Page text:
Google allows you to try Resident Evil Village for free: how to take advantage of it?

Thanks to its cloud gaming technology, Google makes a playable demo of Resident Evil Village available to everyone. Just click on a link to enjoy it.

Google failed to really transform the trial with Stadia, its gaming service. But the technologies developed by the multinational will not be totally abandoned. In a press release published on June 9, it announces the availability of a playable demo of Resident Evil Village accessible to everyone, from a simple link.

More concretely, it is Capcom which uses the Immersive Stream for Games platform, designed by Google, to offer an interactive overview of Resident Evil Village on the official website. In this way, people interested in survival-horror have the opportunity to try it in a few seconds, before possibly acquiring the complete game in the version of their choice. This is a very relevant use of cloud gaming.

Demo Resident Evil Village via Google // Source: Google

How do I access the Resident Evil Village demo?

Attention, this playable demo of Resident Evil Village is not a hidden promotion for Stadia — otherwise it wouldn’t be easy to take advantage of. Just click on this link, enter their date of birth and possibly connect a controller to discover the experience. There is no need to create a Google account or create a Capcom account. There is a desire for democratization behind this initiative which could be repeated for other games.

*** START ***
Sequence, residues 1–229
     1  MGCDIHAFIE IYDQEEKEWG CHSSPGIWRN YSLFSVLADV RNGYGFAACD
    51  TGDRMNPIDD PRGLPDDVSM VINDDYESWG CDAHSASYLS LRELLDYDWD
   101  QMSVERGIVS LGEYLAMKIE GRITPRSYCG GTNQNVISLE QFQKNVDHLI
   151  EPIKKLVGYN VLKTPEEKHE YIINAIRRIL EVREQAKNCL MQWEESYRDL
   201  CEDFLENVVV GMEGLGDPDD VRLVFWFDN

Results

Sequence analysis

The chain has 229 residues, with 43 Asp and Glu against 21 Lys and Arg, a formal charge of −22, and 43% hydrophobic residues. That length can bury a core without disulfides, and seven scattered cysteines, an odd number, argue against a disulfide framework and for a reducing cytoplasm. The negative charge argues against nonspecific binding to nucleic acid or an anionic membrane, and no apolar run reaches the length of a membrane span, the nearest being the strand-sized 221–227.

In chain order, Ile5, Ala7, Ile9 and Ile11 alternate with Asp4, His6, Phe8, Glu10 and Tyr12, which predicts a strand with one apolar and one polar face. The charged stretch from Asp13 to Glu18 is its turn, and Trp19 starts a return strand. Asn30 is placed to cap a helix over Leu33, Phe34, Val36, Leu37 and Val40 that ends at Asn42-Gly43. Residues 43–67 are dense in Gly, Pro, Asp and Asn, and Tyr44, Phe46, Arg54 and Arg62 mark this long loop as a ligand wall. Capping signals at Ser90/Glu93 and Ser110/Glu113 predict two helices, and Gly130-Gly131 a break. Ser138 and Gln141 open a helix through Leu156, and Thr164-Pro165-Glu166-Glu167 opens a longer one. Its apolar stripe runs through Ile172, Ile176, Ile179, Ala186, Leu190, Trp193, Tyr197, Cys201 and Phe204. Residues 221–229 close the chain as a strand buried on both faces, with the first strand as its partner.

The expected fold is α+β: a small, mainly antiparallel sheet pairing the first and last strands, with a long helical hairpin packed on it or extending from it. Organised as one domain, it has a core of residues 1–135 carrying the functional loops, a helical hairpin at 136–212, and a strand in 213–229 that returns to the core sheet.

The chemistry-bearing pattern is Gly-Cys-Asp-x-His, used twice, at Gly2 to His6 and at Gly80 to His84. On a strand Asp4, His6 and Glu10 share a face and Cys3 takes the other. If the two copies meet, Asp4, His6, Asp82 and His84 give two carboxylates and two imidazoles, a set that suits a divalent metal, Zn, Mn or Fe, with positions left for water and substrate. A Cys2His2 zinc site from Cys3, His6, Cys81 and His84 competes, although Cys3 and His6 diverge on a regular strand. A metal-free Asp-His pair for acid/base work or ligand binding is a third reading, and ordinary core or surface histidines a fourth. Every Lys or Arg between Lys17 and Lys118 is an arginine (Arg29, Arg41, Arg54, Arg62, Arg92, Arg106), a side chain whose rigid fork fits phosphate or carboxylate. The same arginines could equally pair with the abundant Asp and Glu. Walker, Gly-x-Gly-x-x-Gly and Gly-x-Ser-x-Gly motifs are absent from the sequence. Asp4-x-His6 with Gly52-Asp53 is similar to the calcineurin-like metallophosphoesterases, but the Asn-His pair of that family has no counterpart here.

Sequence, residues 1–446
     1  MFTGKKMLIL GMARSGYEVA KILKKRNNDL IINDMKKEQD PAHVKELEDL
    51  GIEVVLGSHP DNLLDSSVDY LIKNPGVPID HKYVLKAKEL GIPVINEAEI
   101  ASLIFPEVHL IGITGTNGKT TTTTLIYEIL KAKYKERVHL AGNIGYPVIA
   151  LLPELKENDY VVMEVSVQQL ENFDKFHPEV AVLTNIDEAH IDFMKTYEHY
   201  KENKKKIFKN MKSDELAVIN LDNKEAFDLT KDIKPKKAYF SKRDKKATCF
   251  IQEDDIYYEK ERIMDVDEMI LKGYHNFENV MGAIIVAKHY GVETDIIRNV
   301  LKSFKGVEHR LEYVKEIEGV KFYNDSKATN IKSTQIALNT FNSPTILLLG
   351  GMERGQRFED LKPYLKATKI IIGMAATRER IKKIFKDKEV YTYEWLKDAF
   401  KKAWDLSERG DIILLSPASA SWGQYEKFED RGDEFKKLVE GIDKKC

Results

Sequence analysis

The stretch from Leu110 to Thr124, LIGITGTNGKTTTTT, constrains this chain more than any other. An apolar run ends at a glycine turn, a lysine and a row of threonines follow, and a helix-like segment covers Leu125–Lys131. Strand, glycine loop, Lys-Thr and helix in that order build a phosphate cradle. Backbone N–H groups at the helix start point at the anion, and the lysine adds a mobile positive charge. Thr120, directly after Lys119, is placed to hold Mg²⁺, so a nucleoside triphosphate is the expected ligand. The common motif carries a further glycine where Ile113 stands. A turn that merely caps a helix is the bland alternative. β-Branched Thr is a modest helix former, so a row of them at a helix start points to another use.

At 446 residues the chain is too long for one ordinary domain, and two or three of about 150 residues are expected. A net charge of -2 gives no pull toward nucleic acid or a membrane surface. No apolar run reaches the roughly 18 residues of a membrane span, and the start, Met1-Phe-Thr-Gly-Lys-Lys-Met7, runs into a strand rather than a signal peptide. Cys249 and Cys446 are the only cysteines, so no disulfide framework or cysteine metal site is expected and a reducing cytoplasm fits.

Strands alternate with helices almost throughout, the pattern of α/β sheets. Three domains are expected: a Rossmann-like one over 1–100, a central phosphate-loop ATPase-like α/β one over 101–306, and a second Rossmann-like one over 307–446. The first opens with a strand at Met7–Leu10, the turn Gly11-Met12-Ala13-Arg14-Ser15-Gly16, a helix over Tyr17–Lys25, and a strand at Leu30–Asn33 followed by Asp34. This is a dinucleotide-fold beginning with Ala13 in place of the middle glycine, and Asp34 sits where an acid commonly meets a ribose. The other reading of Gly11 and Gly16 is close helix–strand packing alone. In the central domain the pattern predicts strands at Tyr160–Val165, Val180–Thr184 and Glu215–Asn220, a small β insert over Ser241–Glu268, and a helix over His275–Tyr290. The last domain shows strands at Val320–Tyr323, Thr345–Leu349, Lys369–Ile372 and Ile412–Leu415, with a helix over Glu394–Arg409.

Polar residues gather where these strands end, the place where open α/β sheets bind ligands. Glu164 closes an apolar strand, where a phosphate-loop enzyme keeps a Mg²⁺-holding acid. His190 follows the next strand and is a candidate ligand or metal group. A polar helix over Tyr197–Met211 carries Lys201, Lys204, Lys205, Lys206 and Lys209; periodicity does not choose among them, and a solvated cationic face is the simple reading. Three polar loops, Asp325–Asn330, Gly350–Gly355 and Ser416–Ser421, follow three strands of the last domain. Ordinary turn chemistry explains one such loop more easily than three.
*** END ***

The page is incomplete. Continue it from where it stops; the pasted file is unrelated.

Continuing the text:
It will still be necessary to ensure that you have sufficient bandwidth (10 Mbps at least) to play in comfortable conditions. Note that you can enjoy it on a PC (Windows 10, macOS 11) but also on a smartphone or tablet (Android 11, iOS 14.3). Capcom and Google are even planning touch controls, in case you don’t have a gamepad handy. The two companies have therefore thought of everything. Google obviously favors the Chrome browser, but Safari is also supported.

Demo Resident Evil Village via Google
Demo Resident Evil Village via Google // Source: Google

On the performance side, this demo runs in 1080p (SDR) and with acceptable fluidity. The graphics look much better on a PlayStation 5, but there’s no streaming on Sony’s latest console. The ‘I click, I play’ argument necessarily implies some visual concessions and the objective is not to impress, rather to help you see if the gameplay can suit you. Two portions are offered, without any time limit: one in a castle, another in a village.

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